NRC takes lead in the development of a national program for multi-million dollar biochip technologies

September 10, 1999

(Ottawa, ON-- September 10, 1999) -- The National Research Council of Canada (NRC) today is hosting an international workshop on biochip technologies and their potential impact on the Canadian economy. Ranging from drug development to creation of new crops and other applications, biochips also represent a breakthrough for rapid clinical diagnostic testing and genomics research. Biochip sales are projected to grow from $40 million in 1998 to more than $400 million in 2003.

NRC's two-day workshop brings together the scientists and engineers who have either existing strengths or the potential to contribute to this rapidly growing area, along with industry stakeholders who will use and deliver the technology.

"Biochips will allow researchers and medical professionals to separate, purify and quantify biological molecules such as DNA or proteins much faster than is possible today, in fact, more than 10 times faster," explained Dr Dan Wayner, Program Leader, Molecular Interfaces of NRC's Steacie Institute for Molecular Sciences. "Biochip technologies stand to have a significant impact on our health care system. This technology has the potential to cut health care costs by bringing clinical testing to our physician's offices and eventually to our homes."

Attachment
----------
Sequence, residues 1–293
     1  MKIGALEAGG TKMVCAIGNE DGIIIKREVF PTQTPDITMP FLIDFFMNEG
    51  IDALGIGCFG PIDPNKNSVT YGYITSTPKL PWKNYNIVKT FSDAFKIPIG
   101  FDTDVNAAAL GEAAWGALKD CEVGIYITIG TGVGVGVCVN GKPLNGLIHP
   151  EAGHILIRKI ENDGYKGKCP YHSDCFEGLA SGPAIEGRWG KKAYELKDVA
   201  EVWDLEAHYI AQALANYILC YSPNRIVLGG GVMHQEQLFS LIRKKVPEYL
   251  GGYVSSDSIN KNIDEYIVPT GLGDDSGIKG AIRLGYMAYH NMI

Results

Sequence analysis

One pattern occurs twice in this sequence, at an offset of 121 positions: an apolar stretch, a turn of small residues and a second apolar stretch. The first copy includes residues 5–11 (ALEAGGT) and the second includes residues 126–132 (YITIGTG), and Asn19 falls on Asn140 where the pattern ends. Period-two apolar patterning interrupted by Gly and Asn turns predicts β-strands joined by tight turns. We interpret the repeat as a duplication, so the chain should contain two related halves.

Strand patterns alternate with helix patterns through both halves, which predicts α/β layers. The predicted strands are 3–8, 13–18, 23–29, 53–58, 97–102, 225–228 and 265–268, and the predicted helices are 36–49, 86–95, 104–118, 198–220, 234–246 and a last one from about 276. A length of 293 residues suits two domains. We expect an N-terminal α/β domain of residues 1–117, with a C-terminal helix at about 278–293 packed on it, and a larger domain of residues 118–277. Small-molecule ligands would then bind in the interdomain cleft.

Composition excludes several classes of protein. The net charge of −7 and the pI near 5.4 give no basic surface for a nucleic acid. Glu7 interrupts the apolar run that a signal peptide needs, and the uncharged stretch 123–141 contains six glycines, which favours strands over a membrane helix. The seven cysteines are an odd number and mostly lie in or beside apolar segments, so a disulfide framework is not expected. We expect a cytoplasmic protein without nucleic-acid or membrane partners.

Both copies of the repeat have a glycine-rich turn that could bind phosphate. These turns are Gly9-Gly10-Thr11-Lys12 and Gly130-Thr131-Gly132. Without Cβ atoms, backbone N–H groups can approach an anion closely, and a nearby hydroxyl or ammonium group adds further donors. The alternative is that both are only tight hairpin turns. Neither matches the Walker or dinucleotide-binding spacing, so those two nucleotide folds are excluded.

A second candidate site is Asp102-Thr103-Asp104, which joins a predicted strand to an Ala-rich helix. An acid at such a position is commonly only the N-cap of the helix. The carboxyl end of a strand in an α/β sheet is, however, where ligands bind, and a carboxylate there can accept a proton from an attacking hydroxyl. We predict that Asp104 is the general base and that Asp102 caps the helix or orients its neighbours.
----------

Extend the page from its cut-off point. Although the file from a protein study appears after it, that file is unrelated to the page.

"Canada is falling behind in this promising field and we see a real need for action by the NRC as one of Canada's leading organizations in research and development," said Dr. Arthur Carty, President of NRC. "The commercialization of custom biochips will require multidisciplinary efforts in biology, chemistry, physics and engineering and the NRC is well positioned to play a leadership role in the mounting of a national effort on biochip technologies. In particular, biochips are needed by researchers to push forward genomics research in government labs, universities and industry right across the country."

"We are extremely pleased to collaborate with the NRC in defining the parameters of a national program on biochip technologies," said Chris Lumb, President and CEO of the Alberta Microelectronics Corporation. By collaborating closely with organizations such as the NRC, we will ensure that Canadians are among the first in the world to reap the benefits of biochip technologies."

Since 1916, NRC's goal has been to improve the quality of life for Canadians by performing and supporting relevant research and development. Working with other progressive organizations, NRC is helping bridge the gap between strategic research and wealth creation.
For more information, please contact:
Andrée Dumulon
Media Relations
(613) 998-4579

Lise Hughes
Liaison Officer
Steacie Institute for Molecular Sciences
(613) 990-0970

National Research Council of Canada

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